Sporicidal effects of high-intensity 405 nm visible light on endospore-forming bacteria

Research output: Contribution to journalArticle

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Abstract

Resistance of bacterial endospores to treatments including biocides, heat and radiation is a persistent problem. This study investigates the susceptibility of Bacillus and Clostridium endospores to 405-nm visible light, wavelengths which have been shown to induce inactivation of vegetative bacterial cells. Suspensions of B. cereus endospores were exposed to high-intensity 405-nm light generated from a light-emitting diode array and results demonstrate the induction of a sporicidal effect. Up to a 4-log10 CFU mL-1 reduction in spore population was achieved after exposure to a dose of 1.73 kJcm-2. Similar inactivation kinetics were demonstrated with B. subtilis, B. megaterium and C. difficile endospores. The doses required for inactivation of endospores were significantly higher than those required for inactivation of B. cereus and C. difficile vegetative cells, where approximately 4-log10 CFU mL-1 reductions were achieved after exposure to doses of 108 and 48 Jcm-2, respectively. The significant increase in dose required for inactivation of endospores compared to vegetative cells is unsurprising due to the notorious resilience of these microbial structures. However, the demonstration that visible light of 405-nm can induce a bactericidal effect against endospores is significant, and could have potential for incorporation into decontamination methods for the removal of bacterial contamination including endospores.
LanguageEnglish
Pages120-126
Number of pages7
JournalPhotochemistry and Photobiology
Volume89
Issue number1
Early online date30 Aug 2012
DOIs
Publication statusPublished - Jan 2013

Fingerprint

Endospore-Forming Bacteria
deactivation
bacteria
Bacteria
Light
dosage
Clostridium
Biocides
Decontamination
Disinfectants
Bacilli
cells
Light emitting diodes
Suspensions
Contamination
Demonstrations
resilience
Spores
decontamination
Cells

Keywords

  • endospores
  • endospore-forming bacteria
  • photochemistry
  • photobiology

Cite this

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title = "Sporicidal effects of high-intensity 405 nm visible light on endospore-forming bacteria",
abstract = "Resistance of bacterial endospores to treatments including biocides, heat and radiation is a persistent problem. This study investigates the susceptibility of Bacillus and Clostridium endospores to 405-nm visible light, wavelengths which have been shown to induce inactivation of vegetative bacterial cells. Suspensions of B. cereus endospores were exposed to high-intensity 405-nm light generated from a light-emitting diode array and results demonstrate the induction of a sporicidal effect. Up to a 4-log10 CFU mL-1 reduction in spore population was achieved after exposure to a dose of 1.73 kJcm-2. Similar inactivation kinetics were demonstrated with B. subtilis, B. megaterium and C. difficile endospores. The doses required for inactivation of endospores were significantly higher than those required for inactivation of B. cereus and C. difficile vegetative cells, where approximately 4-log10 CFU mL-1 reductions were achieved after exposure to doses of 108 and 48 Jcm-2, respectively. The significant increase in dose required for inactivation of endospores compared to vegetative cells is unsurprising due to the notorious resilience of these microbial structures. However, the demonstration that visible light of 405-nm can induce a bactericidal effect against endospores is significant, and could have potential for incorporation into decontamination methods for the removal of bacterial contamination including endospores.",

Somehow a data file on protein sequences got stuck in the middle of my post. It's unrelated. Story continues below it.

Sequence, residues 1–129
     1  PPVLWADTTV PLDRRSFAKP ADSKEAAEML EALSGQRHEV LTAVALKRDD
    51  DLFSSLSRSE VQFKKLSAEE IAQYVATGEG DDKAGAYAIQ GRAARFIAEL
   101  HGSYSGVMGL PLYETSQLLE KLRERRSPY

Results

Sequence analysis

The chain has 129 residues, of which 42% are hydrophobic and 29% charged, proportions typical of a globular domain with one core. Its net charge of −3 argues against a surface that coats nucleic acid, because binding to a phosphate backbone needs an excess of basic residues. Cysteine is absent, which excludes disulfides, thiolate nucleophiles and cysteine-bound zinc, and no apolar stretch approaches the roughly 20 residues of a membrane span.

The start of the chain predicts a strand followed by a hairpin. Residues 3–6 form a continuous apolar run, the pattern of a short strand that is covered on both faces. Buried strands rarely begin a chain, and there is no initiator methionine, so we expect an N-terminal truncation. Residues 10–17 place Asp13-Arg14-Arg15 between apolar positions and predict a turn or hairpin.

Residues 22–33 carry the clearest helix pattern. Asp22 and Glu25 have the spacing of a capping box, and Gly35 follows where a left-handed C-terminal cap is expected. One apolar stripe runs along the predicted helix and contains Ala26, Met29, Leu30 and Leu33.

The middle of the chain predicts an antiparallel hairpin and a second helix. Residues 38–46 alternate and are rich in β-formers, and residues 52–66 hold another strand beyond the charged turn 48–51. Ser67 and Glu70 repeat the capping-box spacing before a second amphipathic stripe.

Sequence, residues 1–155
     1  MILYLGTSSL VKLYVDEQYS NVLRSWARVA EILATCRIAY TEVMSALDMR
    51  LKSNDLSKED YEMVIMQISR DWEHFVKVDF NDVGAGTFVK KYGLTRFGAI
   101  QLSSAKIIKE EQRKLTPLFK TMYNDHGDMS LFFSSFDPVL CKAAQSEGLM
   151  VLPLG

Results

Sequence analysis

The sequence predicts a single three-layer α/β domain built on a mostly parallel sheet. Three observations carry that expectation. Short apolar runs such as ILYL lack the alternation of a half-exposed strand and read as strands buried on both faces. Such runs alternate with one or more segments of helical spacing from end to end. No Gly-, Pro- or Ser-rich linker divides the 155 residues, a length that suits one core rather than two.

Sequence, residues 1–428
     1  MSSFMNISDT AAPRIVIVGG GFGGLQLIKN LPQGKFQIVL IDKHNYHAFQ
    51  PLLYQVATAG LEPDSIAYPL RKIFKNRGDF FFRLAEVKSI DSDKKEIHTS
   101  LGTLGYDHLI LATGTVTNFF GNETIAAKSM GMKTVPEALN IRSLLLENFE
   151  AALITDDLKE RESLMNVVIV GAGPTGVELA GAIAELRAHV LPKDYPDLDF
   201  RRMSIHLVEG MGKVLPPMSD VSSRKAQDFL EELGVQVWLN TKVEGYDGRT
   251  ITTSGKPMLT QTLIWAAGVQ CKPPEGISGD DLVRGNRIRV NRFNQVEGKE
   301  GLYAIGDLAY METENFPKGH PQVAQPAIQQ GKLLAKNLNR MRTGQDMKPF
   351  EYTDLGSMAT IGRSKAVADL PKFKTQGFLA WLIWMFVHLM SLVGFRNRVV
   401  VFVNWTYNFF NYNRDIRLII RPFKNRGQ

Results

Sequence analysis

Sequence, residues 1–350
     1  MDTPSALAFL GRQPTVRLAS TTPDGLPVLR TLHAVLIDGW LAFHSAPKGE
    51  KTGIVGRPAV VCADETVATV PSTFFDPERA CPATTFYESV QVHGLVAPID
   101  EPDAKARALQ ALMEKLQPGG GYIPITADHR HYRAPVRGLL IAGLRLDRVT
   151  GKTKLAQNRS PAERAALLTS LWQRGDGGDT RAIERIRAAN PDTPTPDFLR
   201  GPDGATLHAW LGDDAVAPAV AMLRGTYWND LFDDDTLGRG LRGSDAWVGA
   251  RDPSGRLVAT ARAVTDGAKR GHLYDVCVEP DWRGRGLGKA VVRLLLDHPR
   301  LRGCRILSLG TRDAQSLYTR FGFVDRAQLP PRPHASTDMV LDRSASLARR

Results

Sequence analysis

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Sporicidal effects of high-intensity 405 nm visible light on endospore-forming bacteria. / MacLean, Michelle; Murdoch, Lynne; MacGregor, Scott; Anderson, John.

In: Photochemistry and Photobiology, Vol. 89, No. 1, 01.2013, p. 120-126.

Research output: Contribution to journalArticle

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AB - Resistance of bacterial endospores to treatments including biocides, heat and radiation is a persistent problem. This study investigates the susceptibility of Bacillus and Clostridium endospores to 405-nm visible light, wavelengths which have been shown to induce inactivation of vegetative bacterial cells. Suspensions of B. cereus endospores were exposed to high-intensity 405-nm light generated from a light-emitting diode array and results demonstrate the induction of a sporicidal effect. Up to a 4-log10 CFU mL-1 reduction in spore population was achieved after exposure to a dose of 1.73 kJcm-2. Similar inactivation kinetics were demonstrated with B. subtilis, B. megaterium and C. difficile endospores. The doses required for inactivation of endospores were significantly higher than those required for inactivation of B. cereus and C. difficile vegetative cells, where approximately 4-log10 CFU mL-1 reductions were achieved after exposure to doses of 108 and 48 Jcm-2, respectively. The significant increase in dose required for inactivation of endospores compared to vegetative cells is unsurprising due to the notorious resilience of these microbial structures. However, the demonstration that visible light of 405-nm can induce a bactericidal effect against endospores is significant, and could have potential for incorporation into decontamination methods for the removal of bacterial contamination including endospores.

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